A Few Ways to Support Organizations Feeding People in Need

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A Few Ways to Support Organizations Feeding People in Need

We love food. And we love the opportunity to share it—at a table with others when we can, but also by dropping off goods at a local food pantry, picking up groceries for an elderly neighbor, and making donations to organizations that can get meals directly to the folks who need them. And that need has grown exponentially during the COVID-19 pandemic. Here, a few ways to give back and get involved now.

1. starting local

There’s been a boom of grassroots groups doing mutual aid work during the pandemic. Mutual aid is different from top-down government assistance programs or even traditional charities and nonprofits because it’s community-driven, it’s self-directed, and it focuses on the idea that helping the most vulnerable members of the community is a mutually beneficial act of solidarity. Food drives, community fridges stocked with free food, and meal deliveries to people in need are just a few examples.

While you can certainly donate to these causes, there are many opportunities to do hands-on volunteering with mutual aid. Here in LA, some goop staffers have gotten involved with Home-y Made Meals, a program through which volunteers make sack lunches for people experiencing homelessness. Since it started, in March, the organization has provided over 30,000 meals and expanded to supporting marginalized communities, like farm workers. Groups like this exist all over the country, and you can connect with them through your local food banks, on social media, or via this handy map put together by Mutual Aid Hub.


Dine 11 addresses two simultaneous crises of the pandemic: our overwhelmed health care system and the dire state of the restaurant industry. By donating to Dine 11, you’re essentially hiring local restaurants to make lunch for health care providers. Restaurants get revenue, allowing them to continue operating and supporting their staff. And doctors, nurses, and crucial hospital staff—who often skip meals due to long shifts—get a hot meal. Dine 11 is currently operating in ten cities, but if you’re interested in bringing this to your community, check out these step-by-step instructions for launching programs in your area.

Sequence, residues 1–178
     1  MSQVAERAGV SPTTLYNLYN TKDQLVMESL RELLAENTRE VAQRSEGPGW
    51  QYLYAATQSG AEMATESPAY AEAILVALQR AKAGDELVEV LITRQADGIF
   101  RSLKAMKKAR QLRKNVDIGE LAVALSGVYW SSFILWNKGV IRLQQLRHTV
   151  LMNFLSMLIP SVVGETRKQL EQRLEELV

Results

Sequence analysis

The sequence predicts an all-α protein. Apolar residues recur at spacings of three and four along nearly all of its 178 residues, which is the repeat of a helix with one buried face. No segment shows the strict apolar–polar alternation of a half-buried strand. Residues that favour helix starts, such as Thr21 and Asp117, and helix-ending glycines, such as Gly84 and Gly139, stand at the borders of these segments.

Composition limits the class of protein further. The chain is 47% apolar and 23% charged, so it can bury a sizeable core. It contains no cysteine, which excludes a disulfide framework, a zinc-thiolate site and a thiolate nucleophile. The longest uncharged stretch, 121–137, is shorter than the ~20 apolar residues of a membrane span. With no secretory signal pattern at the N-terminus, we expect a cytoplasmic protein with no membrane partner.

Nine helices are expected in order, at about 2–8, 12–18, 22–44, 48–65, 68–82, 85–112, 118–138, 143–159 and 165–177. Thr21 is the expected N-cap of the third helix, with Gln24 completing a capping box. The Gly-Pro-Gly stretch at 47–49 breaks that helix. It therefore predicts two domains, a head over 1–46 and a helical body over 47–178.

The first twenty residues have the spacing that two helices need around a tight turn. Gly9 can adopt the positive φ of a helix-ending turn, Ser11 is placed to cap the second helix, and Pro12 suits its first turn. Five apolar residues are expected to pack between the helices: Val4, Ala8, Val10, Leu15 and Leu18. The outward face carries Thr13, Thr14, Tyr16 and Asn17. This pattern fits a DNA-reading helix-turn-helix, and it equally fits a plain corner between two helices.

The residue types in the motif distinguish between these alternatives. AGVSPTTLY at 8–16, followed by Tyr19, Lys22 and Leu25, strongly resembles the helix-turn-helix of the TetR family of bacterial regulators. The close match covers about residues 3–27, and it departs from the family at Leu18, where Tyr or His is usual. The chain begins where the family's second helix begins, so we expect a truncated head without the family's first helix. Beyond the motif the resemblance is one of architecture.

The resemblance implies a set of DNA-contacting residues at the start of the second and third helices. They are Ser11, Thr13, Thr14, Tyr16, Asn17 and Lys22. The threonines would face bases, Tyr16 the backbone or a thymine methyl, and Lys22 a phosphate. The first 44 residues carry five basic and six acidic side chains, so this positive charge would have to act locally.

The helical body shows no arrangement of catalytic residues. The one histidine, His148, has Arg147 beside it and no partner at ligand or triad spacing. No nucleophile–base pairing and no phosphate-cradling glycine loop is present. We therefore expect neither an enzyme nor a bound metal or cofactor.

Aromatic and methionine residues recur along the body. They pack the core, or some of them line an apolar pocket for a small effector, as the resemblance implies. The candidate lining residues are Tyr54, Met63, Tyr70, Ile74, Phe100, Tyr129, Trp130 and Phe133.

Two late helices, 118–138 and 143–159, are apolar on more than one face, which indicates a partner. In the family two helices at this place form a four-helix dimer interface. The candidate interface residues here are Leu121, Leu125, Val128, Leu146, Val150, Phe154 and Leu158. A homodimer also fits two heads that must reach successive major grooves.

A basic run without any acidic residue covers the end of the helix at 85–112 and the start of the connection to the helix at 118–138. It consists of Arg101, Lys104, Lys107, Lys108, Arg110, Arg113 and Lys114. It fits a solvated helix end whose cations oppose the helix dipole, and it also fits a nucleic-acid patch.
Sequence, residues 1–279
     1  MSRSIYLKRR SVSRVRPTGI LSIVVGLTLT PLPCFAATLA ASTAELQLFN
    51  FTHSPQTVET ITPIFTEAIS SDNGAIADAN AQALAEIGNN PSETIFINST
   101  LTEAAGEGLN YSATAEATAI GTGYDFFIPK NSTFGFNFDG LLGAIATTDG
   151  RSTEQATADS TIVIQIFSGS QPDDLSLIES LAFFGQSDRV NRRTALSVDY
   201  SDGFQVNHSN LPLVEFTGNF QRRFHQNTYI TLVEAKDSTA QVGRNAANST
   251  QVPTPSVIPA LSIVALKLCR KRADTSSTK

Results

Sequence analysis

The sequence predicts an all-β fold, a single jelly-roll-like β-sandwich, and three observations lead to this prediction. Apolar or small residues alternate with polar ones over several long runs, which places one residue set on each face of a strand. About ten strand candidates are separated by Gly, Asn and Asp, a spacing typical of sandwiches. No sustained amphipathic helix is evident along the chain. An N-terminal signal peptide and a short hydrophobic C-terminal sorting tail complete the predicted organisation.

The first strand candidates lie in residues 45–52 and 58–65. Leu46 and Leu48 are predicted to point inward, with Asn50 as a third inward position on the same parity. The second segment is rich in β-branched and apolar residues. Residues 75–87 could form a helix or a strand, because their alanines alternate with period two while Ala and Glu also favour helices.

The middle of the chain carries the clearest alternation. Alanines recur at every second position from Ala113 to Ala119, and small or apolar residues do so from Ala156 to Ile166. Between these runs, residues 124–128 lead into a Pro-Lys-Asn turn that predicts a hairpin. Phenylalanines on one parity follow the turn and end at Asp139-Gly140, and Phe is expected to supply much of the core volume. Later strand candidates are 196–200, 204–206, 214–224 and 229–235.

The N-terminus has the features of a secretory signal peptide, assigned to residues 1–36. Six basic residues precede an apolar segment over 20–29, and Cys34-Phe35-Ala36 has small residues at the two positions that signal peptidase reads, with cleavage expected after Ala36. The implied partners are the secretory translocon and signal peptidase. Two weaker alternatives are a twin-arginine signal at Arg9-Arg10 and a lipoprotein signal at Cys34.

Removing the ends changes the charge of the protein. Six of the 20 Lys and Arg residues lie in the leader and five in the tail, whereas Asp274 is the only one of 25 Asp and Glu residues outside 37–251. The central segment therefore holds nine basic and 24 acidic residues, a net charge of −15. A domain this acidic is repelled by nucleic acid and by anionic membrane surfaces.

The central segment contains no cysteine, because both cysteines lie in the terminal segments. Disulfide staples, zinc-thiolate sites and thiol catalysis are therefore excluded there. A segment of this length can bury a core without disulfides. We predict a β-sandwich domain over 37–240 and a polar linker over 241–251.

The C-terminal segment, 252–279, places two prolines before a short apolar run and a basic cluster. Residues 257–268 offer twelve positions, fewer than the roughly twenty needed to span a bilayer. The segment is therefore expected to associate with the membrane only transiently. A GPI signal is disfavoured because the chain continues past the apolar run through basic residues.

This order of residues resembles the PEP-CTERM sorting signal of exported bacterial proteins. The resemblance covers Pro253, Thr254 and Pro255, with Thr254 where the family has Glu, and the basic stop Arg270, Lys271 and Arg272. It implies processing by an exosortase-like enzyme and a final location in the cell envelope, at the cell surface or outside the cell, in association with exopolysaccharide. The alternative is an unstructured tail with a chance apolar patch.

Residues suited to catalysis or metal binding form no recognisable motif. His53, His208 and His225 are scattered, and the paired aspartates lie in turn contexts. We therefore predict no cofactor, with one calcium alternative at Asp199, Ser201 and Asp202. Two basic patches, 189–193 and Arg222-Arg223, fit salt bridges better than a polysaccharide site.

Before COVID-19, there were about 11 million kids in food-insecure households in the United States. That number has almost doubled in the last ten months. In the past, No Kid Hungry worked closely with schools and communities to implement programs that provide school breakfasts, afternoon meals, and food during the summer when school isn’t in session. This year, the organization has worked hard to do the same throughout every season when schools have been physically closed. Together with the USDA, No Kid Hungry developed the Free Meal Finder to help families find meal providers near them. No Kid Hungry also works to research, advise on, and advocate for remedies to child hunger with elected officials and government agencies in order to strengthen the programs that kids rely on.


Renowned chef and World Central Kitchen founder José Andrés goes wherever there is an urgent need for help—this year alone, he and his organization have responded to COVID-19 in the US, bush fires in Australia, the aftermath of the explosion in Lebanon, and hurricanes in South America. Their response is two-pronged: First they address the immediate needs for food relief by providing hot meals. Then they move on to long-term relief by evaluating and rebuilding food systems. This approach allows for a meaningful, long-lasting impact on communities.

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